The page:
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Biden's self-inflicted crisis

April 22, 2021

Biden's self-inflicted crisis
The Hill
Rep. Vicky Hartzler (R-MO)
April 22, 2021

87 days.

That’s how long it took for President Biden to acknowledge that our nation’s border situation is a “crisis.” But Americans have known this tragic fact for months.

Since Jan. 20, 2021, the newly-elected administration has done everything short of addressing this humanitarian tragedy. The president’s newfound acceptance is a little too late.

As Biden reversed and halted many immigration policies which largely have kept the border in-check, surge after surge of refugees began flooding towards America, with some even wearing Biden campaign shirts.

In March alone, more than 172,000 migrants were stopped by U.S. Customs and Border Protection (CBP) — the highest amount in over 20 years. When former President Barack Obama experienced 1,000 border encounters per day during his time in office, his Department of Homeland Security secretary said it was a “bad number.”

What would he say in 2021 as Team Biden is currently experiencing 5,500 individuals a day?

Even worse, this administration has been quick with excuses to criticize and blame the old guard for their own missteps. Let’s be clear: No one is to blame except President Biden and Vice President Harris. Even Democrats such as West Virginia Sen. Joe Manchin have called this administration’s situation a “crisis” long before the leader of the free world admitted it this past weekend.

That is not to say the Trump administration’s days were without issues on the border, as well. But instead of our current state of ineptitude and silence, these issues were always met with action and visibility.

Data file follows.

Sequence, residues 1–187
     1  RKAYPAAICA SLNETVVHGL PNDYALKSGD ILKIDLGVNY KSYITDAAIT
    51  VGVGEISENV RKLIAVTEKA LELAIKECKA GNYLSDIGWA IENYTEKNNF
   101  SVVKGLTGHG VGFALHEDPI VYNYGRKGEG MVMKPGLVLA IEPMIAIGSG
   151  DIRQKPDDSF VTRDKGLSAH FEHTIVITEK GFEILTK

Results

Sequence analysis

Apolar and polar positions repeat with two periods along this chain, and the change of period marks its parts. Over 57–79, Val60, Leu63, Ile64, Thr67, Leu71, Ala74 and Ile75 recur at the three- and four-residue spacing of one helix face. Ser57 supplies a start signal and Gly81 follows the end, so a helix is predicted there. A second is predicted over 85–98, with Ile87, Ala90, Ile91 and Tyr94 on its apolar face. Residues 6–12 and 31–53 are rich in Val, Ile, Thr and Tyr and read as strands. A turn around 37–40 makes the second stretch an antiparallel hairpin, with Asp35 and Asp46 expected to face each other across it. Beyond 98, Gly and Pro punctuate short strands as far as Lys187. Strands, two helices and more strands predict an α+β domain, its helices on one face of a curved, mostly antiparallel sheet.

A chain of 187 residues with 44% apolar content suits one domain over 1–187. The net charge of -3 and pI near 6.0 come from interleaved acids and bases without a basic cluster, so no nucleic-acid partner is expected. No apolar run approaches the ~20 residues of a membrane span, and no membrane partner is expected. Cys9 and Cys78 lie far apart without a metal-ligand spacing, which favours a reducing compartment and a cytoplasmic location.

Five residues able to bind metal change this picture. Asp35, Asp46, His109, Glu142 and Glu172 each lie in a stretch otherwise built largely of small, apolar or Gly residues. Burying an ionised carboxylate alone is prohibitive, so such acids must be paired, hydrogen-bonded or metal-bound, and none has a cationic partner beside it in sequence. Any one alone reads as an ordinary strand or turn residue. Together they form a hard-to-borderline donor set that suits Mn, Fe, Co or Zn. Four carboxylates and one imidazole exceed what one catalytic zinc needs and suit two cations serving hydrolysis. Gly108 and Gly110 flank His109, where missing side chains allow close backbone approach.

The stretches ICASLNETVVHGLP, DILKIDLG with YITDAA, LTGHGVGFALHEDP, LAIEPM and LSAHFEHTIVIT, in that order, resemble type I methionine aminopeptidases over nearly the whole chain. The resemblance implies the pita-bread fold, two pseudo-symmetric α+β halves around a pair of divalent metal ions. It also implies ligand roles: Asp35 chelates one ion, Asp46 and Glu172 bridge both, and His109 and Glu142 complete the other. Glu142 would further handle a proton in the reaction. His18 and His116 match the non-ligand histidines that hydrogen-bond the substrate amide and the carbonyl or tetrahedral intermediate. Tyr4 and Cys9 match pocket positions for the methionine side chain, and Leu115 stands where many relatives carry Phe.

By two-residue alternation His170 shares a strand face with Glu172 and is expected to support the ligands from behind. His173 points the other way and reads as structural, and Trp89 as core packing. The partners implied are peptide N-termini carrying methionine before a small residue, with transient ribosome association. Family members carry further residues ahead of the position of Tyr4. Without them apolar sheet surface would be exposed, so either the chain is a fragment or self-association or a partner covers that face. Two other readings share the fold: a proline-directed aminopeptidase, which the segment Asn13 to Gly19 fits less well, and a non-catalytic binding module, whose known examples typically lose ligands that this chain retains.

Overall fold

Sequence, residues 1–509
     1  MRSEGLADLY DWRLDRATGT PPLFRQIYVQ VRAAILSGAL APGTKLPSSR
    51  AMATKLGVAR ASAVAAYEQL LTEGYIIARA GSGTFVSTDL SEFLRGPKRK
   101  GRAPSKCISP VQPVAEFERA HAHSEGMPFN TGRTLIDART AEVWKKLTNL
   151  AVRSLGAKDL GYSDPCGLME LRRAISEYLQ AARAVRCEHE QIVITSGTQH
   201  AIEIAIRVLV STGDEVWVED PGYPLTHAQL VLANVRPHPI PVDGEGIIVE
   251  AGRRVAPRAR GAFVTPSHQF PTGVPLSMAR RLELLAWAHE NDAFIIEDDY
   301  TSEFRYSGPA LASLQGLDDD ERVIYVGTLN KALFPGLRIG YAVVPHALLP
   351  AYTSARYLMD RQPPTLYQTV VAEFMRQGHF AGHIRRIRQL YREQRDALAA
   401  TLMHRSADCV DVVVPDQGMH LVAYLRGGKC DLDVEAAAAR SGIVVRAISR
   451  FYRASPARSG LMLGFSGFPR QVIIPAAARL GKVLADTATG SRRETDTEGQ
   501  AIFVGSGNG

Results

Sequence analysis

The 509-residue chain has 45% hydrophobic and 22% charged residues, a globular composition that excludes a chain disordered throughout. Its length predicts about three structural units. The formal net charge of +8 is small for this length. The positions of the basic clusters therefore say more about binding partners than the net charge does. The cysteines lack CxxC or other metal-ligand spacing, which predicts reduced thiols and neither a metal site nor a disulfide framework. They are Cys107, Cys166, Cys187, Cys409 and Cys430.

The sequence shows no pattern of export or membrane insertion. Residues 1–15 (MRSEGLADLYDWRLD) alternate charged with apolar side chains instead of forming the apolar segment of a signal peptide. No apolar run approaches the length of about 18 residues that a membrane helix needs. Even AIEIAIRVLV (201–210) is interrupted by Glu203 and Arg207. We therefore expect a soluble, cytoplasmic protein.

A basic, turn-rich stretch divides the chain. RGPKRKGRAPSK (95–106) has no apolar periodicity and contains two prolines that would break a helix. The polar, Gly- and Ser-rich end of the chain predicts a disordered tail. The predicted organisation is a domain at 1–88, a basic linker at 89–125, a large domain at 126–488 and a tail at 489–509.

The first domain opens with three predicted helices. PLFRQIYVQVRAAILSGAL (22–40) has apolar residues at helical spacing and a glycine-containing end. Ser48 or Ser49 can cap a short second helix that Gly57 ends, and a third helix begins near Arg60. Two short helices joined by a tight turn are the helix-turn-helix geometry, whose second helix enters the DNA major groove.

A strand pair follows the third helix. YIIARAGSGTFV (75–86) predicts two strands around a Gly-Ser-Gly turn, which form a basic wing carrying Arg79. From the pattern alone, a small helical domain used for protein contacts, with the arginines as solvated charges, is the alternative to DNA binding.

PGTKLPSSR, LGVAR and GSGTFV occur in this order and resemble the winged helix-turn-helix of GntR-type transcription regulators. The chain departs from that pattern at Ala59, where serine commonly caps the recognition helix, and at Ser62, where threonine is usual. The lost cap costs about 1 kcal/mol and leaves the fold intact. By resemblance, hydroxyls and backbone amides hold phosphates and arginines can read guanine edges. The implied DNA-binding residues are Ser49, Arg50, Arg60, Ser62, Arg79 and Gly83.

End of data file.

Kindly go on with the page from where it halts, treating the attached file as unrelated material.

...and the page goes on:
Contrary to the White House’s accusations, former President Trump instituted a strong immigration agenda to alleviate the stress at our border through the construction of a border wall, the "Remain in Mexico" policy, and asylum cooperative agreements with our Central American partners. Sadly, all of these policies were either reversed or halted altogether by the Biden administration at its inception.

A few years ago, I heard how drug cartels were exploiting outdated U.S. laws flying drugs across the border with drones and our CBP agents couldn’t do anything about it. As a result, I passed legislation giving DHS and DOJ certain authorities to take out the drones and protect our country.

When I traveled to the border to review our CBP’s progress, I saw firsthand the strenuous work these border patrol agents undergo each day securing our nation.

At the border is where I first envisioned my recently introduced legislation, the EXIT Act, after learning of the burdensome environmental regulations which needlessly delay and prevent illegal drug-smuggling tunnels from being filled in and destroyed. Through this bill, we can combat the almost 6,000 lbs of fentanyl which has crossed our border in this fiscal year alone (and that’s only the amount our brave CBP officials have seized).

Without my visit, I wouldn’t have been as aware of the difficulties in combating drug trafficking at our border as I am today. Now, I wonder how much Vice President Harris, who has been put in charge of handling this crisis, could learn from taking a single trip to see this catastrophe.

In the month since her appointment as border czar, she has traveled to North Carolina, California, Connecticut and Illinois — to name a few. But at the border? Nowhere to be found.

It is both frustrating and maddening to see such a blatant disregard for not only our hardworking CBP agents, but also our nation’s immigration system as a whole.

This crisis must end. The path starts with President Biden and Vice President Harris stepping up to the plate to address this catastrophe and seeing it firsthand.

Rep. Vicky Hartzler, a Republican, represents Missouri's 4th District. She is a senior member of the House Armed Services and Agriculture committees.